The attendance at last night’s first Plenary session was amazing. Rarely have I seen a nearly-full room for a Plenary session.  When the conference was originally announced, John Piper was scheduled to defend the traditional view based on his book contesting N. T. Wight.  When Piper stepped down, Thomas Schreiner was asked to fill the role of critiquing Wright’s view of Justification.  Schreiner is more than capable of this, although I must say that his approach is seems almost entirely from the perspective of systematic theology rather than biblical theology.  I am fully aware that he wrote a biblical theology of Paul, but his talk last night was extremely traditional and used language from systematic theology (imputation).  In addition, he really did little work on the text of Paul itself, much of his use of scripture was classic prooftexting.  I am not sure that I would have heard anything different from Piper, except that his delivery would have been more pastoral.

Schreiner had three main points of contention with Wright.  First, Wright sees justification as a part of Ecclesiological, how you can tell who is part of the people of God, rather than primarily Soteriological (how one gets right with God).  For Schreiner, Wright has it backwards.  Justification has to be about salvation first, even if it has dimensions which might be considered social.  I think that Schreiner is correct here, but I also think he overplays Wright by claiming he has created a false dichotomy.  If this is a false dichotomy, then it seems to me all Schreiner has done is flip it and emphasized the other side.  I think a better way to get at this is to realize that justification is about salvation, community and eschatology – salvation us ultimately future.  The terminology of justification appears in at least those three categories.

Second, Schreiner thinks Wright errs when he describes the failure of Israel as a failure to bless the world (Gen 12:1-3).  Schreiner dismissed this because, in his view, Israel was never supposed to bless the whole world, that was the role of the ultimate seed of Abraham, Jesus.  I thought this dismissal was odd, given the fact that Genesis has numerous instances where the Abrahamic blessing is extended to “the nations” because of their association with Abraham.  For example, Lot is blessed and rescued from danger twice because he is part of the family of Abraham.  Hagar is rescued by God and Ishmael is blessed and becomes a great nation because he is a son of Abraham.  Laban’s association with Jacob can be considered a blessing, even though in the end there is a loss.  Ultimately in Genesis, Joseph is a blessing to the nations (Egypt and Canaan) as God uses him in Egypt.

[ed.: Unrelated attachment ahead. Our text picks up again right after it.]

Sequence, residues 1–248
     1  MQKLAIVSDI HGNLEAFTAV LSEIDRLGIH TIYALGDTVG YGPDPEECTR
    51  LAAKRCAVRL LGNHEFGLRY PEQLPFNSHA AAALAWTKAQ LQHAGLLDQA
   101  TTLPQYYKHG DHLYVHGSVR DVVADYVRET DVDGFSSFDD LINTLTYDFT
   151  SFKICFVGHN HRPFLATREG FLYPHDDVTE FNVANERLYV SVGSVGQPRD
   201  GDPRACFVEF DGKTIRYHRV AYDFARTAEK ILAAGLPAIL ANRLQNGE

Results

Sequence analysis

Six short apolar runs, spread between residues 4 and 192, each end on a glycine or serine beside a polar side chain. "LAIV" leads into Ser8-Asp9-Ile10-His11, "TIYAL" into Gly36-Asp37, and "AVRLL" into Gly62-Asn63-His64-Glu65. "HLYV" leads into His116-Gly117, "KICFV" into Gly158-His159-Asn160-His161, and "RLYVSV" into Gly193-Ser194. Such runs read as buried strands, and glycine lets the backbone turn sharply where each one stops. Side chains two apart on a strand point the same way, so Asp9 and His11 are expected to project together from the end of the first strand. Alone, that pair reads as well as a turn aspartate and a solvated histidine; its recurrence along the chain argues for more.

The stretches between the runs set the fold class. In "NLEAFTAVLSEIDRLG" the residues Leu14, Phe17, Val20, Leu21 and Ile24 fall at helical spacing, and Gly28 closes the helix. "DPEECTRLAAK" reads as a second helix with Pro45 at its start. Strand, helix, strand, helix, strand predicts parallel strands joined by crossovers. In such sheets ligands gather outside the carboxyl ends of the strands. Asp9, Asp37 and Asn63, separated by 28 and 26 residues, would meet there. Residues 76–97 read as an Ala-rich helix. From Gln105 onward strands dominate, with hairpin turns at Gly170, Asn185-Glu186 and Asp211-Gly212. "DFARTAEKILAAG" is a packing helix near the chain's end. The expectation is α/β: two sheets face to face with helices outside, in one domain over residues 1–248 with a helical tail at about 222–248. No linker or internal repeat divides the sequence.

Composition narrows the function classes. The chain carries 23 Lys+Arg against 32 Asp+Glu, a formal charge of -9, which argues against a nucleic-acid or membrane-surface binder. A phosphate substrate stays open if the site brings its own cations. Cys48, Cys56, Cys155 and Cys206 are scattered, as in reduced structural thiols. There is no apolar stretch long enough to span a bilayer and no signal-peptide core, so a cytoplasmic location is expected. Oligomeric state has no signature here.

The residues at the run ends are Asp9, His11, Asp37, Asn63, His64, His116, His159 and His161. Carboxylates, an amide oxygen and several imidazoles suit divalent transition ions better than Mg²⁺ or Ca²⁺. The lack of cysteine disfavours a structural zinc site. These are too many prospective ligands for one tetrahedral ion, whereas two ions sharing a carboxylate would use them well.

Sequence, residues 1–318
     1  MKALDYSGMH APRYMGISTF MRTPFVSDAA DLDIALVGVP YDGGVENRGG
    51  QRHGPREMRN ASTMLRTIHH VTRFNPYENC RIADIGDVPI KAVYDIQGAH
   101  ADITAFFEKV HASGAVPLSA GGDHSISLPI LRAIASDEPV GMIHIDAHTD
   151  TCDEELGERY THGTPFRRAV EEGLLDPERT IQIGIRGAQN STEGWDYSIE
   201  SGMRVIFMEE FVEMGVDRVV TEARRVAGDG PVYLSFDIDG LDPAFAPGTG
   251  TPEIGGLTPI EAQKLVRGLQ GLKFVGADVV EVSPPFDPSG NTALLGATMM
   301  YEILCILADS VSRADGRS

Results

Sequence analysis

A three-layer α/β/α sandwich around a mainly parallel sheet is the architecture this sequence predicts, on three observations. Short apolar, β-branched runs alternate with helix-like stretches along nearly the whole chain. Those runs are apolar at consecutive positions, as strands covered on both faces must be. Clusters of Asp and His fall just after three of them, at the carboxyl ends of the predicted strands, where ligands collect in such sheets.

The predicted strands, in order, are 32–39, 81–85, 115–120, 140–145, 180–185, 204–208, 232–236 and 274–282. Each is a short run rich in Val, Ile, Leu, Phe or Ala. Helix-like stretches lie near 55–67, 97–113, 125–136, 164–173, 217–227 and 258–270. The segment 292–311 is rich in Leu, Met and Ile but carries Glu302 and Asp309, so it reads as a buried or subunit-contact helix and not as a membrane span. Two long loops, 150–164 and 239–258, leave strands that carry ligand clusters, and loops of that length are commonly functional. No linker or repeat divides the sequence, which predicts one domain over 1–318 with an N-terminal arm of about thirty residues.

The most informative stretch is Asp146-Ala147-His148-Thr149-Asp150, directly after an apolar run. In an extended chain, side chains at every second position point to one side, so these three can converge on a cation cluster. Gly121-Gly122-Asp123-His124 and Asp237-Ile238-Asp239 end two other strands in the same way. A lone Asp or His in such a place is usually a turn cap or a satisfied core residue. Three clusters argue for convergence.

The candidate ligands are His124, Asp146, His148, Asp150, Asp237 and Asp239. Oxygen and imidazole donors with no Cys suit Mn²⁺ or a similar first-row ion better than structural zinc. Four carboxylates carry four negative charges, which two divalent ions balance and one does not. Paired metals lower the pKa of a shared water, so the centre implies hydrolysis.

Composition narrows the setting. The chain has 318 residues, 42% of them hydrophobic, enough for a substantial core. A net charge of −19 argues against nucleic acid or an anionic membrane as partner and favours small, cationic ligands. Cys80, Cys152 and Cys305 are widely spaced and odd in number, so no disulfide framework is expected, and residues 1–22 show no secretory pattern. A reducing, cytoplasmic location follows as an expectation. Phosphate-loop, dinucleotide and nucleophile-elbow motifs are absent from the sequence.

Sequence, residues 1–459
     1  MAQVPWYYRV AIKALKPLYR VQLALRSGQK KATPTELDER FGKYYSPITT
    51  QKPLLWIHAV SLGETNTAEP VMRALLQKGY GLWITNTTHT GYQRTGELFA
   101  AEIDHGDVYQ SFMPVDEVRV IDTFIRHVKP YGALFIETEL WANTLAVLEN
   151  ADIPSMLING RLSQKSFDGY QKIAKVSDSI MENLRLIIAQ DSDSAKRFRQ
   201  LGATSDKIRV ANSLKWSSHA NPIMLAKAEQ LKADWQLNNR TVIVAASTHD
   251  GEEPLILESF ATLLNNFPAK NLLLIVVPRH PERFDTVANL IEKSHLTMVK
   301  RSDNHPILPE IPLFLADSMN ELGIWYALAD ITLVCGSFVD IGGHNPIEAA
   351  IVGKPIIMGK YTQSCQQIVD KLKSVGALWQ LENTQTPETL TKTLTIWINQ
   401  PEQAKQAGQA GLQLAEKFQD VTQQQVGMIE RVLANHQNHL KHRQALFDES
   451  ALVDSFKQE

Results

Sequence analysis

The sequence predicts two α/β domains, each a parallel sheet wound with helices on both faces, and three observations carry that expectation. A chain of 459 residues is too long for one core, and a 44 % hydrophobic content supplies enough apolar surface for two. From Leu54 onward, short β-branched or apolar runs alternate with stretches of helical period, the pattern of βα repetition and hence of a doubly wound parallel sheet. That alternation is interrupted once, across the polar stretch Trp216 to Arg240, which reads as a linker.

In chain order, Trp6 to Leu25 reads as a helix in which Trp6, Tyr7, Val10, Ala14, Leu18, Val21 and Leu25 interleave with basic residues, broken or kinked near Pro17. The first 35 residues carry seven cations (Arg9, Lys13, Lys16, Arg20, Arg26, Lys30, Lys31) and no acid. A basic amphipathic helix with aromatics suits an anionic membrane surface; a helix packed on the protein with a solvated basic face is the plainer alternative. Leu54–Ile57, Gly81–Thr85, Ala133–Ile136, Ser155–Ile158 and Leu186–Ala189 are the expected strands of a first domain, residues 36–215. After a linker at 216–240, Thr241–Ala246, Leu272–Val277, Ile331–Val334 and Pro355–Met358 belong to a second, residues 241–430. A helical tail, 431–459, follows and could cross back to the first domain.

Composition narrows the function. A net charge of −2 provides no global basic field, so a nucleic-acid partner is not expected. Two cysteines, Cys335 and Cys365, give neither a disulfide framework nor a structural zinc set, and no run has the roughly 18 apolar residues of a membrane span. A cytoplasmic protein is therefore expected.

Third, Schreiner faults Wright for not thinking that justification includes imputation of righteousness as well as a declaration of right standing before God.  Here is where I think that Schreiner and Wright are probably talking about the same sorts of things, but with different language, giving the illusion of a huge difference.  Schreiner is looking for the reformation categories from systematic theology, Wright is working with terms drawn from the Bible as a good biblical theologian.  What is the difference between “you are righteous because god has imputed Christ’s righteousness to you” (Schreiner) and “you are righteous because your status is now ‘in Christ’” (Wright).  Either way, you have Christ’s righteousness and you can be described as “saved.”  One is working with Reformation terminology, the other is consciously avoiding it.

In the end, Schreiner seems to agree with Wright more than I expected.  His critique was friendly and appreciative of the work Wright has done.  I was disappointed with the lack of exegetical nuance and complete rejection of Second Temple Period sources which make Wright’s case so compelling.  A discussion of Wright and the New Perspective which fails to take account of 4QMMT, for example, seems to be ignoring evidence which is difficult to ignore.  I would much rather read Paul in the context of the Second Temple Period than the Reformation, even if Luther and Calvin did get most this right on Soteriology.  Given my denominational affiliation, my commitment is to the Bible, not to traditional reformed formulations of doctrine.

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